Kirkland Signature Balsamic
Vinegar is made in the Modena
region of Italy, using the finest
must, and is blended to create
a well-balanced flavor. It is available at most Costco warehouses.
Chicken Under Bricks
Recipe developed by Sandra Lee
Semi-Homemade for In The
Kitchen The Costco Way
4 boneless, skinless
chicken breast halves
1 cup balsamic vinaigrette
½ cup Kirkland Signature
¼ cup chopped fresh parsley
2 tablespoons frozen orange
juice concentrate, thawed
1 tablespoon Italian seasoning
2 teaspoons crushed garlic
2 bricks wrapped in
Rinse chicken under cold water and
pat dry with paper towels. Flatten
the chicken with a mallet.
Place chicken in a large resealable
bag. Add balsamic vinaigrette, vinegar, parsley, orange juice concentrate, Italian seasoning and garlic.
Squeeze air out of the bag and
seal. Gently massage the bag to
combine. Marinate in the refrigerator for 1 to 4 hours.
Set up grill for direct grilling over
medium-high heat. Oil grate when
ready to start cooking. Let chicken
stand at room temperature for
Remove chicken from the marinade;
discard marinade. Place chicken on
the hot, oiled grill and place foil-wrapped bricks on top. Cook for 3
to 4 minutes per side, or until
chicken is no longer pink and juices
run clear (170 F). Makes 4 servings.
Tip: To cook indoors, omit the foil-wrapped bricks. Prepare chicken
as directed. Preheat broiler. Place
chicken on a foil-lined baking sheet
or broiler pan. Broil 6 to 8 inches
from heat source for 5 to 6 minutes
per side, or until chicken is no
longer pink and juices run clear
(170 F). Do not overcook.
for your table
By Laura Langston
BALSAMIC VINEGAR—that delicious, almost
black liquid sometimes offered with olive oil at
Italian restaurants—is far more than a simple dip for
bread or an ingredient in vinaigrettes. This versatile
vinegar can star in appetizers, entrées, even dessert.
In fact, give it pride of place in your kitchen and it
will reward you many times over.
Balsamic vinegar dates back to the 11th century in the Modena region of Italy, where it was first
made. Back then, it was available only to the nobility, who prized it as a digestive aid and considered
it a miracle cure for everything from a sore throat
to labor pains. Barrels of the precious elixir often
passed from one generation to another, and it frequently was part of a bride’s dowry. Today, balsamic
vinegar is coveted by cooks and connoisseurs the
What makes it so special? Balsamic vinegar is a
reduction of sweet grapes that are slowly boiled to a
dark syrup (this syrup is known in the industry as
“must”). When made traditionally, the syrup is aged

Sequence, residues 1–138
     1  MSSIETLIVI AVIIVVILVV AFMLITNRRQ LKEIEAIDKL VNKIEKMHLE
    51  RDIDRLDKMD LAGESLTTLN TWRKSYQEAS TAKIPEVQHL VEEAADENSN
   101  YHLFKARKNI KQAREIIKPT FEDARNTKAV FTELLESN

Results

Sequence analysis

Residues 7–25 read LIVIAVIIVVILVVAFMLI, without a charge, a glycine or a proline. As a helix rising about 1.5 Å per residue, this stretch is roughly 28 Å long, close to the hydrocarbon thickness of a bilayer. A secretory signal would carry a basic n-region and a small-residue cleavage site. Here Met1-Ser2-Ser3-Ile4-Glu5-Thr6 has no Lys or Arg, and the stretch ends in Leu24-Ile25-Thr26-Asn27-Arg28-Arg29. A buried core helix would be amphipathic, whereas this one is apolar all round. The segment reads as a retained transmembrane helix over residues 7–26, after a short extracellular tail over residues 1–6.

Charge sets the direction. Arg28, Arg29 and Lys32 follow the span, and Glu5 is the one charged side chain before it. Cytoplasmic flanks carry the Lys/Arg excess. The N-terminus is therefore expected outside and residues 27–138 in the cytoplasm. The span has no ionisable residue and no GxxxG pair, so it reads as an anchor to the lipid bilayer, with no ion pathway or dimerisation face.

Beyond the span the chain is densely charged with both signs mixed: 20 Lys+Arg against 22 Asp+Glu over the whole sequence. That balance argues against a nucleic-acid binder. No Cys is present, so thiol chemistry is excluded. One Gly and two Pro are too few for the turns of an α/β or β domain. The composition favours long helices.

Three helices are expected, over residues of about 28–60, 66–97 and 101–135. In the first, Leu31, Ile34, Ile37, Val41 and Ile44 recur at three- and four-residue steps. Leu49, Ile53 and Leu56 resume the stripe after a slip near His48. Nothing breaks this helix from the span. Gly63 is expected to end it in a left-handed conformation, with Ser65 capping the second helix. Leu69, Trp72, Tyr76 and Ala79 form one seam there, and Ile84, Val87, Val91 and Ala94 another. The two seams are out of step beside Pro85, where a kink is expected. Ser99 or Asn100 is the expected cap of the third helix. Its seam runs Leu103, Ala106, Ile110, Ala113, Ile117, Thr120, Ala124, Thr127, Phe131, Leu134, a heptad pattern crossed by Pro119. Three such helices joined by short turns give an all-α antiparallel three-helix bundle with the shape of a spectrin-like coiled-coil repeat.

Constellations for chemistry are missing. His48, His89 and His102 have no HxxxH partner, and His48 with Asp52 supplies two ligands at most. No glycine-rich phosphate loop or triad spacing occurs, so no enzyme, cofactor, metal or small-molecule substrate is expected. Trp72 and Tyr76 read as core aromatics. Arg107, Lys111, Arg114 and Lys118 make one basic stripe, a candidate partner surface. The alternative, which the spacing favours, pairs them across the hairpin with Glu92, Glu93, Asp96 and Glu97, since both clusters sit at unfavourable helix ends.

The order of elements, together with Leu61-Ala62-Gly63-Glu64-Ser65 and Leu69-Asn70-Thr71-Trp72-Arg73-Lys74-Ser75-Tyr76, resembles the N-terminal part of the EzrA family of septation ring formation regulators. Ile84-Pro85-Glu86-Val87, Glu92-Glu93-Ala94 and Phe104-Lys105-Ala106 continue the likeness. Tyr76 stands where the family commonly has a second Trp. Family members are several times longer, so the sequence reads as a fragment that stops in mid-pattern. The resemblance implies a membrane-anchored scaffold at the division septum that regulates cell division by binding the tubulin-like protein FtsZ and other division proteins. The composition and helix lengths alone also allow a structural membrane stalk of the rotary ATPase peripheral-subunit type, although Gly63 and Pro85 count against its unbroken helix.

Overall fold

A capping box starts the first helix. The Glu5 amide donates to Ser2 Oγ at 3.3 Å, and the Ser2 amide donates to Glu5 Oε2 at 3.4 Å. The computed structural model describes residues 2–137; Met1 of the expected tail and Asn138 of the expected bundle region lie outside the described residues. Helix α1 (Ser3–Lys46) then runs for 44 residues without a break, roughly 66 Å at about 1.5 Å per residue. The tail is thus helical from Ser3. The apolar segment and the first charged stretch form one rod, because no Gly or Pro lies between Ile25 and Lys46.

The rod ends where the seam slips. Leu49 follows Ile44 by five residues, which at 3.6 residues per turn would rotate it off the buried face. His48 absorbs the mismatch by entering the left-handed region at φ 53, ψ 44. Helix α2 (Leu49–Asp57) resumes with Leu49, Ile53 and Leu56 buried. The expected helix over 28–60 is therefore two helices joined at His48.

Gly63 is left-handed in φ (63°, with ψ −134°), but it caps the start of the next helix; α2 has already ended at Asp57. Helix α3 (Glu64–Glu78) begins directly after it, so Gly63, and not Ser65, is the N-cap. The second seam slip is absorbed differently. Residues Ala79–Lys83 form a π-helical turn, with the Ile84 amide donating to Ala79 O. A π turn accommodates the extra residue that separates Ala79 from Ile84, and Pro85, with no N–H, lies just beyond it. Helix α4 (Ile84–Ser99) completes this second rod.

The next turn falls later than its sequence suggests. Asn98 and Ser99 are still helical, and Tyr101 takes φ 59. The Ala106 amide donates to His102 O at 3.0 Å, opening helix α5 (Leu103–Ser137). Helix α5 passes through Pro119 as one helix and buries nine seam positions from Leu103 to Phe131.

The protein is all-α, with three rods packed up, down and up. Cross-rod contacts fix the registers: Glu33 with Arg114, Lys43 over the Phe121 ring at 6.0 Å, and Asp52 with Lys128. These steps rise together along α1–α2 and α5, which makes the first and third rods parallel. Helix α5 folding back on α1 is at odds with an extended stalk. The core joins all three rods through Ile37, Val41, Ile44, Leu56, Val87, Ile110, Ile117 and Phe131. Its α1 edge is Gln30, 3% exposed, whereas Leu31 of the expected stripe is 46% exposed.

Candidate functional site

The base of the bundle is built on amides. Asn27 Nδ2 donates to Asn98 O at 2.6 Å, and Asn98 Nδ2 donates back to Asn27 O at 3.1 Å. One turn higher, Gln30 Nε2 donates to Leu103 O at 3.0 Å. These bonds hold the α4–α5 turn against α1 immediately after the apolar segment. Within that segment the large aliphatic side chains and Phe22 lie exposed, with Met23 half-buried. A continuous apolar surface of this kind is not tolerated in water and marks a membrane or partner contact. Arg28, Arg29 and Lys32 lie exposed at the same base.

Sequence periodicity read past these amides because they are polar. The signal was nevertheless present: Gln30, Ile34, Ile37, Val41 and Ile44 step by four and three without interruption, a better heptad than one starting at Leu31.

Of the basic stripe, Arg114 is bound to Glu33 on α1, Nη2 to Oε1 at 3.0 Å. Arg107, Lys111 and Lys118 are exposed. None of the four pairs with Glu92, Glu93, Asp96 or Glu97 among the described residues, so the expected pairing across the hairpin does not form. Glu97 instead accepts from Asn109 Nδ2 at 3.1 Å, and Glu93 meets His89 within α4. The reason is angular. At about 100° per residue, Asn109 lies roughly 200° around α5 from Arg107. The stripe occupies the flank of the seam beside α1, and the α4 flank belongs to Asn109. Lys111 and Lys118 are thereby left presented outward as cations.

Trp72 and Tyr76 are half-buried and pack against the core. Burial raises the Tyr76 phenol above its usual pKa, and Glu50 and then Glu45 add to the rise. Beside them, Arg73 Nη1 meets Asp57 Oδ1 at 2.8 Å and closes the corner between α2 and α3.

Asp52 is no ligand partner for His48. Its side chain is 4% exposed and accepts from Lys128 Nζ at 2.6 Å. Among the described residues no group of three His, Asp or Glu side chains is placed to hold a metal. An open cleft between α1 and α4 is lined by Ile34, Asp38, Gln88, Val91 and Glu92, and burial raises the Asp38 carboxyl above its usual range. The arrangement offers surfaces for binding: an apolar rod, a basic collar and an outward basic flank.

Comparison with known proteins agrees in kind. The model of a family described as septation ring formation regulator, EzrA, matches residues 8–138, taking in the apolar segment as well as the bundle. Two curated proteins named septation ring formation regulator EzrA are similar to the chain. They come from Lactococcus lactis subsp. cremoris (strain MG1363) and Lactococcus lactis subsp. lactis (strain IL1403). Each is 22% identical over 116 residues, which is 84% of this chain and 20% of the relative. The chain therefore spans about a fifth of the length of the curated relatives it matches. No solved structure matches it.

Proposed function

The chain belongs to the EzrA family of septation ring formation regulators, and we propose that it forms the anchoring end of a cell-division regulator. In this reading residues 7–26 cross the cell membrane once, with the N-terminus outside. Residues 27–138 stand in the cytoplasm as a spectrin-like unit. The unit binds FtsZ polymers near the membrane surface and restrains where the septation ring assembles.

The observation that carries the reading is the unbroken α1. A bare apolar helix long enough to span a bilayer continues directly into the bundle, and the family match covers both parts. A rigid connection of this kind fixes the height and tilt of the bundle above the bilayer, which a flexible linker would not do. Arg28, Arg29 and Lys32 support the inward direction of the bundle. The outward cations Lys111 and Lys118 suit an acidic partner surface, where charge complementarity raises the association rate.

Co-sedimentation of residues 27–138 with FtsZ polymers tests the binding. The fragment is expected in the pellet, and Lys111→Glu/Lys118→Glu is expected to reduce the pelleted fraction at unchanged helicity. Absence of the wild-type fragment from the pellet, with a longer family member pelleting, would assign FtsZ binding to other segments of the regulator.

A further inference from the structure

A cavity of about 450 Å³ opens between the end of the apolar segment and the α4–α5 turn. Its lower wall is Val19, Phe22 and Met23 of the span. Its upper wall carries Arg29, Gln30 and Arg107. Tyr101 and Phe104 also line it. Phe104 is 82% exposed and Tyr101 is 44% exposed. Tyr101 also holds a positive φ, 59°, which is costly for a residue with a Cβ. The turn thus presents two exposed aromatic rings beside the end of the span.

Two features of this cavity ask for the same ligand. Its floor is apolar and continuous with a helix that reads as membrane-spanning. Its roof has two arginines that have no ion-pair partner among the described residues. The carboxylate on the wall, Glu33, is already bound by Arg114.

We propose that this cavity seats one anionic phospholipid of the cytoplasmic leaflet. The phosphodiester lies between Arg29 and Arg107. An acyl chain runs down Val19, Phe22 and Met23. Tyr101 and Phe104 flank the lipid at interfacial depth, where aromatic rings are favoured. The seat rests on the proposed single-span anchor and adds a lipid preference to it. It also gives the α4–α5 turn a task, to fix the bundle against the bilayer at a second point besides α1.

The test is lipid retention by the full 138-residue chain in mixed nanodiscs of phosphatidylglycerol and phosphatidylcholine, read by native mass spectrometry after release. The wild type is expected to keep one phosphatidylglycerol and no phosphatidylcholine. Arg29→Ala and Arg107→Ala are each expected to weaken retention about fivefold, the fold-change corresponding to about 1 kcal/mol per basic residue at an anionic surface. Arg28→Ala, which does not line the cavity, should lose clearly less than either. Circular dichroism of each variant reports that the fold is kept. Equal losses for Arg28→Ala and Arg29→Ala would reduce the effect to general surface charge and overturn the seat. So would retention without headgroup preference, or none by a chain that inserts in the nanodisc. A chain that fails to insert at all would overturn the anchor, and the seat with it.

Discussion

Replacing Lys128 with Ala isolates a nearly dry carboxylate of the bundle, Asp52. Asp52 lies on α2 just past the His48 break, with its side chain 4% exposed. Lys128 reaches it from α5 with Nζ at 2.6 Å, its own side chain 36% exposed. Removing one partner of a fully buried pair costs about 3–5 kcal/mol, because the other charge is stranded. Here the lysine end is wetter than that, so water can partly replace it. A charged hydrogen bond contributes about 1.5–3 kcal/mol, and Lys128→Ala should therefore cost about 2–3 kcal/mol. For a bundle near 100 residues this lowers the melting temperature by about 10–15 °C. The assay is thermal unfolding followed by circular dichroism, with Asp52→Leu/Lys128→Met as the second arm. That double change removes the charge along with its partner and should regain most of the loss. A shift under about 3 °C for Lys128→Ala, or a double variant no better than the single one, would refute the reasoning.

in successively smaller barrels made of different
kinds of wood (juniper, chestnut or mulberry, for
instance) to allow the liquid to acquire their flavor.
The exact production process, however, has always
been something of a secret, adding to its mystique.
Over the years, as balsamic vinegar became
more widely available, the Italian government
became concerned with the number of second-rate
products being sold. Consequently, Italy passed a
law saying only two consortiums (one in Modena
and one in Reggio Emilia) are allowed to produce
traditional artisan balsamic vinegar that bears the
label “;;;;;;;;; ;;;;;;;;;; ;;;;; ;;;;;;;;;
;;;;;;;;;;;; di ;;;;;;.”
A select number of private Italian producers are
licensed to produce quality balsamic vinegar from
Modena, but to do so they must follow the strict
guidelines set out by the Italian consortium.
Acetum is one such producer, and its quality prod-
uct is available under the Kirkland Signature™ label
(see the Costco Connection box below).
That balsamic flavor can shine in a multitude of
ways. Drizzle balsamic vinegar over chunks of
Parmigiano-Reggiano. Mix it with fresh tuna, finely
chopped scallions, capers and parsley for a unique
take on tuna tartare. Blend it with tomatoes, basil
and garlic to top crunchy bruschetta. Dot it sparingly over eggs, fish or beef carpaccio, or follow the
Italians’ lead and sprinkle a few drops on strawberries or pears for dessert. You can even sip it from a
tiny glass to finish a meal.
Balsamic vinegars shine in sauces and braises
(add at the end of cooking), for roasting vegetables
and to finish pasta dishes or risotto. For the latter,
always add the vinegar at the end, when the risotto
is off the heat.
Particularly suited to vinaigrettes and marinades,
balsamic vinegar can also be gently simmered for 10
minutes to make it more concentrated for garnishing
steamed vegetables, pizzas or frittatas.
As long as it’s kept away from direct heat and
light, balsamic vinegar has a very long shelf life and
can be stored in a closed container indefinitely.
Whether it’s drizzled over cheese, dotted on
pizza, added to risotto or splashed on fresh strawberries, balsamic vinegar adds a brilliant burst of
flavor to many dishes. C
Author and cook Laura Langston writes about food
and health for a variety of national publications.
Balsamic is a versatile vinegar